Review by Dan Skip Allen
It is widely known that the United States went to Iraq to overthrow Saddam Hussein and take over the country for themselves so they could have a foothold in the Middle East and to have a better negotiating tool for oil. The problem is that the US can't just go into countries and take over — they use words like "elections" to make their take-over make sense in the eyes of the people. They also face the obstacle of getting the blessing of the United Nations, and in this case, the UN sends their own man to evaluate the situation in Iraq: Sergio Vieria de Mello (Wagner Maura).
In his career, de Mello has been in this situation before, having faced a similar situation in East Timor. He's definitely the right man for the job. But the US isn't going to let some United Nations diplomat get in their way of taking over and controlling Iraq for their own selfish reasons. George W. Bush was trying to get revenge on Hussein for his father who failed in Iraq back in the early '90s. Yet de Mello isn't going to be pushed around. He decides it's his job to let the UN know what the US is up to. He writes up an entire dossier and is about to send it to the United Nations when an explosion blows up the hotel he is headquartered in. Is this fate or on purpose?
In East Timor, he starts up a relationship with a colleague named Carolina (Ana de Armas) who follows him to Iraq as well. Ana de Armas is coming off of her biggest role to date in last year's Knives Out. She's had a few other roles before that as wives or girlfriends in such films as Blade Runner 2049, Hands of Stone, and War Dogs. She plays a similar character in Sergio as well, back to being typecast in these kinds of roles. Though with the success of Knives Out, that will hopefully change for her very soon.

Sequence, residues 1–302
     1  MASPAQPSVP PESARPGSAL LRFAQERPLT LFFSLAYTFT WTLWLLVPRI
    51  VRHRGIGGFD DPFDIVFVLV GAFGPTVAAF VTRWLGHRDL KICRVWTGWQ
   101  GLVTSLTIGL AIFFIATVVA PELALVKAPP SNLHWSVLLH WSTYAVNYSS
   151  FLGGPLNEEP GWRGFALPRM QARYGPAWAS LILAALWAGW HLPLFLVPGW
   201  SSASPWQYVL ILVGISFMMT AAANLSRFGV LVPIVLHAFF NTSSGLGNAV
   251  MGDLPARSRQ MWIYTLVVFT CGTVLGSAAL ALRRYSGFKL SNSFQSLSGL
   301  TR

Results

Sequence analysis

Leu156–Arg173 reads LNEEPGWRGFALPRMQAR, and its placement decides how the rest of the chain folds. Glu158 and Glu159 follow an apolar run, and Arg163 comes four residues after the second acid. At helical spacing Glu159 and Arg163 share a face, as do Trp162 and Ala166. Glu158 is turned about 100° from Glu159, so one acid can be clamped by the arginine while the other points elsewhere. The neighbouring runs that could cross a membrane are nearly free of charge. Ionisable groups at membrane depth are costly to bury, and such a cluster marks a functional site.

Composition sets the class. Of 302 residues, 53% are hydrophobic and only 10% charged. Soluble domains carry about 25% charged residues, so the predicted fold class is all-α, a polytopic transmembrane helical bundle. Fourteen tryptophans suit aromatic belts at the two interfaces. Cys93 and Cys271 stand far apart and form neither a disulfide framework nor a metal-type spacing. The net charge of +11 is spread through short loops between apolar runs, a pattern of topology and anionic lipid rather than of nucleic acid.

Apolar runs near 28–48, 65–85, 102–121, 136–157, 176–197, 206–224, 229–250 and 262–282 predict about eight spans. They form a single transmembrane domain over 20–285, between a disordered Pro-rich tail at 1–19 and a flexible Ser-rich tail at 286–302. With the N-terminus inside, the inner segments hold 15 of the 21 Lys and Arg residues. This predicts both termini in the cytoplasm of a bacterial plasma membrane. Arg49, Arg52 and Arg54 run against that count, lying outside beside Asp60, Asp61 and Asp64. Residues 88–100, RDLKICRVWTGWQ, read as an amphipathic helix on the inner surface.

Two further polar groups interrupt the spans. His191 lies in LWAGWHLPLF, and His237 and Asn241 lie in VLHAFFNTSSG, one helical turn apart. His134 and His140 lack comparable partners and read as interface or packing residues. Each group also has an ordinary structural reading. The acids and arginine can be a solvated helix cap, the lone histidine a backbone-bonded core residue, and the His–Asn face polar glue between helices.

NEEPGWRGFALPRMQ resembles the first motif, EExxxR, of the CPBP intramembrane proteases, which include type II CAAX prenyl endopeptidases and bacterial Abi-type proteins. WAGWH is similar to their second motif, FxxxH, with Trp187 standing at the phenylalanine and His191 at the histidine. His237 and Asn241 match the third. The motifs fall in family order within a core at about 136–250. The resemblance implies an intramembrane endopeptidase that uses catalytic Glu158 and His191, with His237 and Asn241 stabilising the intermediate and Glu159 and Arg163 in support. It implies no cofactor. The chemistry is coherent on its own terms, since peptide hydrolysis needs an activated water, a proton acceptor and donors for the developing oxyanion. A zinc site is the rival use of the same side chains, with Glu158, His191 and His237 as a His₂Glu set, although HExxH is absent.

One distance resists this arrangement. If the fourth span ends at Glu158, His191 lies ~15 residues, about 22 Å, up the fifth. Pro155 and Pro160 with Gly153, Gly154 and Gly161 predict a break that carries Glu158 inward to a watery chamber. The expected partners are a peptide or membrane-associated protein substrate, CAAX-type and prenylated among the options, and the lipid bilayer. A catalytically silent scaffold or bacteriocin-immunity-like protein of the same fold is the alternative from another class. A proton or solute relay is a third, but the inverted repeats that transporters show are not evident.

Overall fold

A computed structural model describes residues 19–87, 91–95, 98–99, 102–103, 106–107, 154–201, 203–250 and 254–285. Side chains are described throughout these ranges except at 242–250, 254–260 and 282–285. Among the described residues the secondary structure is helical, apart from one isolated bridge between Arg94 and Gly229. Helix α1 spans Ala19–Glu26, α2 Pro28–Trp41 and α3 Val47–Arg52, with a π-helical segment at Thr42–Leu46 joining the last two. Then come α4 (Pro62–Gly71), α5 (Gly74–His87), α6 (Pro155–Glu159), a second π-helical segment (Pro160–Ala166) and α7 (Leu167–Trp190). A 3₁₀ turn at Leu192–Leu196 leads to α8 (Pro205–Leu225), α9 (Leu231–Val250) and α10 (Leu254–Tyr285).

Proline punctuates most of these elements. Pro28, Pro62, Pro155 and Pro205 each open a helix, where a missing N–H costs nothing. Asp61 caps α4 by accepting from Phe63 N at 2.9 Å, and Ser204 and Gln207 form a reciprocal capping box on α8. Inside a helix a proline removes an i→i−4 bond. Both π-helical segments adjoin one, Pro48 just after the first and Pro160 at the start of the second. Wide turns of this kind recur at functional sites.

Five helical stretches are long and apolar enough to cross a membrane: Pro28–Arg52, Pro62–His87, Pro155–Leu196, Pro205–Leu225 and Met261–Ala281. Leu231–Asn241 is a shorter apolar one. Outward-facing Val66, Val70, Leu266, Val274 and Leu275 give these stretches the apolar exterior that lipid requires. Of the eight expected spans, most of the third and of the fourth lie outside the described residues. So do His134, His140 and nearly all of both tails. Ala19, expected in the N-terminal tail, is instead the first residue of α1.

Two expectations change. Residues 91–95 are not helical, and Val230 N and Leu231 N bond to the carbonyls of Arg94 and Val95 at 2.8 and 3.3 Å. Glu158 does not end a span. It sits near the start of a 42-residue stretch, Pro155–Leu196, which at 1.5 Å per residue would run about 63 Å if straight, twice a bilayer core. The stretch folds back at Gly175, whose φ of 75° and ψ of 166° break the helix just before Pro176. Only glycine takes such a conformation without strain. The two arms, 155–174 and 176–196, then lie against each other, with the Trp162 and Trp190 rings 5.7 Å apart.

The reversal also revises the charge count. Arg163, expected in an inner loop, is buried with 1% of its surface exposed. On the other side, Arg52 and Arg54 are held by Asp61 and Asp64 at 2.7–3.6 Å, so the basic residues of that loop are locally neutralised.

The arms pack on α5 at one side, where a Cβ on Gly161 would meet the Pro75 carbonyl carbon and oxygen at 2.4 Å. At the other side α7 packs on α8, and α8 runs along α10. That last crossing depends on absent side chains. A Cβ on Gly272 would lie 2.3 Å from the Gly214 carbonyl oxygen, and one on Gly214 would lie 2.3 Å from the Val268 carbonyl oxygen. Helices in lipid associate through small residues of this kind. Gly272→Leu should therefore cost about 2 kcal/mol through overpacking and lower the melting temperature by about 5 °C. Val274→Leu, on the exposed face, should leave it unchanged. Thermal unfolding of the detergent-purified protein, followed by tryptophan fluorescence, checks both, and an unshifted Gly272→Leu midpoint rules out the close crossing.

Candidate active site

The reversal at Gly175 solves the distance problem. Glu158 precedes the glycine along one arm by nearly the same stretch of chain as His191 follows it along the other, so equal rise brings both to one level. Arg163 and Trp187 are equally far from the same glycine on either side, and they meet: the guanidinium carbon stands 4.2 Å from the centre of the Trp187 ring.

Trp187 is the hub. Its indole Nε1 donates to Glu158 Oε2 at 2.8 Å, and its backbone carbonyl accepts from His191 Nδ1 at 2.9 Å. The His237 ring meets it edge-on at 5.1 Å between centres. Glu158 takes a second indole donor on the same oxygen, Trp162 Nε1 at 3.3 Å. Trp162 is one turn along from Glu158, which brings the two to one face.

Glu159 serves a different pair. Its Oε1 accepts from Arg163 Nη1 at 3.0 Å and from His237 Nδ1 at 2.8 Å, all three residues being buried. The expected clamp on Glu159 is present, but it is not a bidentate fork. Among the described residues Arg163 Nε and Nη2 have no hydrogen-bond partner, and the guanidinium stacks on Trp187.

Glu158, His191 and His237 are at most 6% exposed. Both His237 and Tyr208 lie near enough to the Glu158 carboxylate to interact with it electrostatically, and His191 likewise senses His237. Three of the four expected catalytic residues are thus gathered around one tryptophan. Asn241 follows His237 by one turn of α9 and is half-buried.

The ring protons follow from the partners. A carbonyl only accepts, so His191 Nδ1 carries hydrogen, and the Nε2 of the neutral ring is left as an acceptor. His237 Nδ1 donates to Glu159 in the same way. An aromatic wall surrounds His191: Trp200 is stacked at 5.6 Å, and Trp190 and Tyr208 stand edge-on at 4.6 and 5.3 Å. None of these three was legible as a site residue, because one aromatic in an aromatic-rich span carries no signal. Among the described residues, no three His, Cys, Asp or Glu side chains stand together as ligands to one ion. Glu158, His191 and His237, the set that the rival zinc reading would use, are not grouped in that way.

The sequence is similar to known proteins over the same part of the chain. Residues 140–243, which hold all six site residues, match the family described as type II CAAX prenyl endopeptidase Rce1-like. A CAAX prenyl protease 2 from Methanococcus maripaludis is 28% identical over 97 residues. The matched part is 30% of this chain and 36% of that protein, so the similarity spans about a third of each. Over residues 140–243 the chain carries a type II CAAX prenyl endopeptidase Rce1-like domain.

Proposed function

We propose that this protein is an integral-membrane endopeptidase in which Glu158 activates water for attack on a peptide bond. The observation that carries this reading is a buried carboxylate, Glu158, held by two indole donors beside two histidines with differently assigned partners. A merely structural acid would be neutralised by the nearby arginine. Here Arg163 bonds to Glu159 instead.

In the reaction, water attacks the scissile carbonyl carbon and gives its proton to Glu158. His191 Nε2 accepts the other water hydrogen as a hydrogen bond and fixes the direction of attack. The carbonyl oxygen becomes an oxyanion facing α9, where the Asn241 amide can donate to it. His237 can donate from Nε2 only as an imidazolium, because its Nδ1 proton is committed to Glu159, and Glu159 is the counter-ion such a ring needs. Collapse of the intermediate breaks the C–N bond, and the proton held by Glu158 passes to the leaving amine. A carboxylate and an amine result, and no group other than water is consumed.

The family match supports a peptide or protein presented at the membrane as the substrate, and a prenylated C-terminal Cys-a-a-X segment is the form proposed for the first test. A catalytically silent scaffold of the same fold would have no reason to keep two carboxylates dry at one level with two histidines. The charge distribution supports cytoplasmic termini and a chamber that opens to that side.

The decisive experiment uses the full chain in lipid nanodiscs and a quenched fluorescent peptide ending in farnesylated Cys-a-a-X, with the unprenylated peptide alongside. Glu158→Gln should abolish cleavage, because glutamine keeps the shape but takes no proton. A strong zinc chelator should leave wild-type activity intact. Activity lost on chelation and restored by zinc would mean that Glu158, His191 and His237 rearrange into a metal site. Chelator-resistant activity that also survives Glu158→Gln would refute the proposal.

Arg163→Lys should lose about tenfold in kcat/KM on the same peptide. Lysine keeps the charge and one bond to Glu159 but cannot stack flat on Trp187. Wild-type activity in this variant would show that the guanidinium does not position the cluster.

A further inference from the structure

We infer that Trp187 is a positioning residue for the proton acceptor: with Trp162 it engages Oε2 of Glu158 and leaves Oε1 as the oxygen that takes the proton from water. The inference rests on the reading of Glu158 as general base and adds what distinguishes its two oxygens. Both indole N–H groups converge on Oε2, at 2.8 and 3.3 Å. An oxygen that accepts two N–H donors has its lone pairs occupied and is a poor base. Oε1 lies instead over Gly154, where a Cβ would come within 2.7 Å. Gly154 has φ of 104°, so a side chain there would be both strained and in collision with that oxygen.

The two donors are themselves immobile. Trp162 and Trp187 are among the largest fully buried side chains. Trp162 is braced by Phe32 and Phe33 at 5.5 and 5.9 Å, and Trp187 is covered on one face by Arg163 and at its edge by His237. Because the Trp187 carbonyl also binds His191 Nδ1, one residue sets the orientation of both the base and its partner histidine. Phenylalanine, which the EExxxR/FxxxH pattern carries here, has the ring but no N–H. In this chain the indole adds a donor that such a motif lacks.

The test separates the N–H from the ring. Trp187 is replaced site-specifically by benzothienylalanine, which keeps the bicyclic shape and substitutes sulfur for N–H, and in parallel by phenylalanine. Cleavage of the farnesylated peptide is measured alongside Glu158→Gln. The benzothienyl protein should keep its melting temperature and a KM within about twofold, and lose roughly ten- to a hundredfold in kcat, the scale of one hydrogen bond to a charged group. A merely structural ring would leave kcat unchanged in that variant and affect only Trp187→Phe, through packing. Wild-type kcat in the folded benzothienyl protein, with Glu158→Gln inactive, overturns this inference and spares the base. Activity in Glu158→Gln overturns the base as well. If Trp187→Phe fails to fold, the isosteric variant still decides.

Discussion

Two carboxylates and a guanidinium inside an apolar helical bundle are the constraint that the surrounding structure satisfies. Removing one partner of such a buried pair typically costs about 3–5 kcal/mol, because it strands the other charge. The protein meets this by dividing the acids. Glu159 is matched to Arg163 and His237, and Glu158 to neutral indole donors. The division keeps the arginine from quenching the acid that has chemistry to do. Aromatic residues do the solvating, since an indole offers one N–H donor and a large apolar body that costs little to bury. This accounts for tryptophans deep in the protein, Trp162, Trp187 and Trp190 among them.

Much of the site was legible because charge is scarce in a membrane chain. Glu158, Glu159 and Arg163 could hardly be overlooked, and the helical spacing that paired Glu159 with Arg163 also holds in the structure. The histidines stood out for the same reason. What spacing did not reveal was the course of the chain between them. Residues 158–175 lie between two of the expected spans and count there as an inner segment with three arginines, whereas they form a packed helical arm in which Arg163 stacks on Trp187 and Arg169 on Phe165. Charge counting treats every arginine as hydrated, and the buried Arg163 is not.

Wrapped in a film about war and diplomatic games is a romance that helps the film flow. I do care about these two people and their love affair. The diplomatic struggles are okay, but not great. The East Timor stuff is essential to develop this budding relationship, but it takes away from the real story of what happened in Iraq, which is where the meat of the story lies. This film had a chance to focus on the real issue of this story, but it lacks vision and a linear narrative. This director, Greg Barker, has done similar political films based on topics that are touched on in this film, including Ghosts of Rwanda, Manhunt: The Search for Bin Laden, and The Final Year. He has a knack for telling these types of stories. The problem is Sergio lacks any vision and focus. He doesn't know if he wants to tell the Iraq story, the East Timor story, or the relationship story. This film is all over the place.
Sergio is now streaming on Netflix.